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story.lead_photo.caption Courtney Cochran, (center), the 2017 Arkansas Teacher of the Year, stands with this year’s four semi-finalists for the 2018 award during an Arkansas Department of Education recognition event Wednesday at the state Capitol. They are (from left), Amanda Jones of Poyen High School; Tasha Shoate of Cavanaugh Elementary School in Fort Smith; Cochran; Randi House of Theodore Jones Elementary School in Conway, and Brittany Berry of Helen Tyson Middle School in Springdale. - Photo by Benjamin Krain

A third-grade teacher in Fort Smith, an EAST technology teacher in Springdale, a kindergarten teacher in Conway and a high school science teacher in Poyen are the newly named candidates for Arkansas' 2018 Teacher of the Year, an honor that will be announced later this year.

Brittany Berry of Springdale, Randi House of Conway, Amanda Jones of Poyen and Tasha Shoate of Fort Smith were introduced Wednesday as the semifinalists for the singular honor during a state Capitol ceremony attended by Gov. Asa Hutchinson to recognize all 14 regional finalists in the 2018 competition.

Hutchinson noted all of the former teacher award winners, lawmakers, state Board of Education members, and school and district leaders attending the ceremony during which the teachers were presented bouquets of roses.

"This really demonstrates the importance of this initiative," the governor told the standing room only crowd in the Old Supreme Court chamber.

As governor, he said, he has visited about 54 of the state's high schools.

"And in all the schools, large and small, the one thing that is clear at every school that I go to is that the teachers are the ones who makes the difference."

"I'm here to just say thank you for what you do," he said.

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Arkansas Education Commissioner Johnny Key said there is a lot he is called on to do as the state's education chief, "but the most important thing I can do is support teachers in the classrooms, support the learning that goes on there."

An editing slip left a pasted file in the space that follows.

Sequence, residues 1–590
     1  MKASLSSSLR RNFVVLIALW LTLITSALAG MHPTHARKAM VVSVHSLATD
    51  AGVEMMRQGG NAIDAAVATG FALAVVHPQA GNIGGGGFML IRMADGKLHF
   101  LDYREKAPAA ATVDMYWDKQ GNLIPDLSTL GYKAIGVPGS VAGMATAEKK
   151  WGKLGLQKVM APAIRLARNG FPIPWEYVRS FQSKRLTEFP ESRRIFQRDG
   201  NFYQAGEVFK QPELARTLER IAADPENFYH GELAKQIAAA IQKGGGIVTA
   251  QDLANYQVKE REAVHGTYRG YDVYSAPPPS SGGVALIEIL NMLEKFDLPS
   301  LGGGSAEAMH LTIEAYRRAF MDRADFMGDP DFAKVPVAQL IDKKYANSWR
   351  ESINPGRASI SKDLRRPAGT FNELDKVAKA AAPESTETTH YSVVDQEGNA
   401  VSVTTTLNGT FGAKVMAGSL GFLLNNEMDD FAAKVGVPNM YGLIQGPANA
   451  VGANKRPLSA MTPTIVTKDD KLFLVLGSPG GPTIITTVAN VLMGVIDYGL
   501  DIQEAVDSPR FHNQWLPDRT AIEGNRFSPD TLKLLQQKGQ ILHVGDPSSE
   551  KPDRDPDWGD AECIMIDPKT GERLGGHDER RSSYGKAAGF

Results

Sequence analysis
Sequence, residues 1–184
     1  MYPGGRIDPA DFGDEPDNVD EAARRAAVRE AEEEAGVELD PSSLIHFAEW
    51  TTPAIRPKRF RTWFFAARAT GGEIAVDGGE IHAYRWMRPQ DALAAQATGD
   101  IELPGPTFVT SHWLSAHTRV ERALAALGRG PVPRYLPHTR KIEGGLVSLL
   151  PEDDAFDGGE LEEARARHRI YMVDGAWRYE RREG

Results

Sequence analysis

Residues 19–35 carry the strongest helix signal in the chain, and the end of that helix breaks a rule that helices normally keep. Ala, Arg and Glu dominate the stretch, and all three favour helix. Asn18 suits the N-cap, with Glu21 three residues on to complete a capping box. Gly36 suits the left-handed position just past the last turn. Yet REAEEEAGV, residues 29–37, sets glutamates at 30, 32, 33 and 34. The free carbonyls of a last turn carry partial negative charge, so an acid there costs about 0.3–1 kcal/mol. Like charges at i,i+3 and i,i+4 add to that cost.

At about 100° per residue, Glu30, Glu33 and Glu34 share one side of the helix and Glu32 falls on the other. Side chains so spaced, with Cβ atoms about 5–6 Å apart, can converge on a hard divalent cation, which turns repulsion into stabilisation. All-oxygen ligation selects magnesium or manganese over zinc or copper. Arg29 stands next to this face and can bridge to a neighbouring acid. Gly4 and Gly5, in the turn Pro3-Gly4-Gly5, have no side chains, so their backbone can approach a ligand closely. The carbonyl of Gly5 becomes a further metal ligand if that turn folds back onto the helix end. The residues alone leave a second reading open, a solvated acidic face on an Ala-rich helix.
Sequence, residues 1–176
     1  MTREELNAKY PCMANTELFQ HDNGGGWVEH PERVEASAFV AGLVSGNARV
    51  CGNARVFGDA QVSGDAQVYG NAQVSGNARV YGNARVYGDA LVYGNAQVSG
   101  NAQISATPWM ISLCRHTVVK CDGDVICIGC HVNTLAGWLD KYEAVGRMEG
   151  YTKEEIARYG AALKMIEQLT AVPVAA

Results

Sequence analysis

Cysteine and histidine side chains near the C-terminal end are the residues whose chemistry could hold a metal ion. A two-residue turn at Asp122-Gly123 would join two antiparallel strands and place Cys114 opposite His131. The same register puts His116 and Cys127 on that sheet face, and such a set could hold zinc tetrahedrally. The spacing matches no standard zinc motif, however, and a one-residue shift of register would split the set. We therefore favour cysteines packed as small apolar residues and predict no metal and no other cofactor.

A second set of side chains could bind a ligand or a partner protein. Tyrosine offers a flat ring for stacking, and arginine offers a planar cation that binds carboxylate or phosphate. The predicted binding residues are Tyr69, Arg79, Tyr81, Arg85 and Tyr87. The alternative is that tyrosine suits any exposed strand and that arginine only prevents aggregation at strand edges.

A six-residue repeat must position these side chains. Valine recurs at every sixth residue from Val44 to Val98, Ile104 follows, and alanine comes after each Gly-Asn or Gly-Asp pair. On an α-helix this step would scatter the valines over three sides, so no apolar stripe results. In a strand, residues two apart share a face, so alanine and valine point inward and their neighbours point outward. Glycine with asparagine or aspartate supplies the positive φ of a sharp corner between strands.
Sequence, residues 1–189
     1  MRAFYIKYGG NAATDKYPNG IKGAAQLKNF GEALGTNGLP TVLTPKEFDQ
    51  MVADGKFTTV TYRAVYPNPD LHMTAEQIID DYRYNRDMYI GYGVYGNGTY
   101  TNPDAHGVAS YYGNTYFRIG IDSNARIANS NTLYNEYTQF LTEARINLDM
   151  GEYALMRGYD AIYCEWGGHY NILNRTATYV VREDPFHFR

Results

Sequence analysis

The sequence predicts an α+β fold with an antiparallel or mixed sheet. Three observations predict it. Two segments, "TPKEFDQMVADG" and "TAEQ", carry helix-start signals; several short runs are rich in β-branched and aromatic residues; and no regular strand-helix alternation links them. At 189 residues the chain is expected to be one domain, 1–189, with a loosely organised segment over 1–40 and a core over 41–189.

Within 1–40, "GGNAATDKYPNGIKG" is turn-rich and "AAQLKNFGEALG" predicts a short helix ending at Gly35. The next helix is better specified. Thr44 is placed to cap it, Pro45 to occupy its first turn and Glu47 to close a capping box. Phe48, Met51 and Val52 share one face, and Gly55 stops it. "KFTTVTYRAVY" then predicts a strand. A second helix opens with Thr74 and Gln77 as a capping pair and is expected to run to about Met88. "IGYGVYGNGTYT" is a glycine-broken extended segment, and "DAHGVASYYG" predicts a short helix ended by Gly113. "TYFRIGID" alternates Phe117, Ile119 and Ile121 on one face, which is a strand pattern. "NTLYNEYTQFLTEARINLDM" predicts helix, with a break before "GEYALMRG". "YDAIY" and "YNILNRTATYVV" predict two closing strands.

Courtney Cochran, the 2017 Arkansas Teacher of the Year, introduced the 14 regional finalists and then announced the four who will continue in the competition.

"Entire nations rise and fall on the shoulders of teachers," said Cochran, who is a Spanish teacher in the Van Buren School District.

"We convince the public that the right thing to do -- the right thing for all of us -- is to protect and support every one of these precious young humans so they can soar and so they can make our world a better, brighter, more peaceful place," she said.

Each of the 14 finalists -- all teachers of the year in their local school districts -- will receive $1,000, which is made possible by an annual grant from the Walton Family Foundation of Bentonville.

The person selected as Teacher of the Year will receive an additional $14,000 and a year's leave of absence from their school job in 2018-19 to travel the state and serve as an ex officio member of the Arkansas Board of Education. The state winner will also compete for the National Teacher of the Year award.

Berry, 33, a teacher of 10 years, is a sixth- and seventh-grade Environmental and Spatial Technology program teacher at Helen Tyson Middle School in Springdale. Her students have not only used technology to record more than 100 library books for students who are English language learners but they have also created virtual reality tours of Pea Ridge National Military Park and Prairie Grove Battlefield State Park historical sites.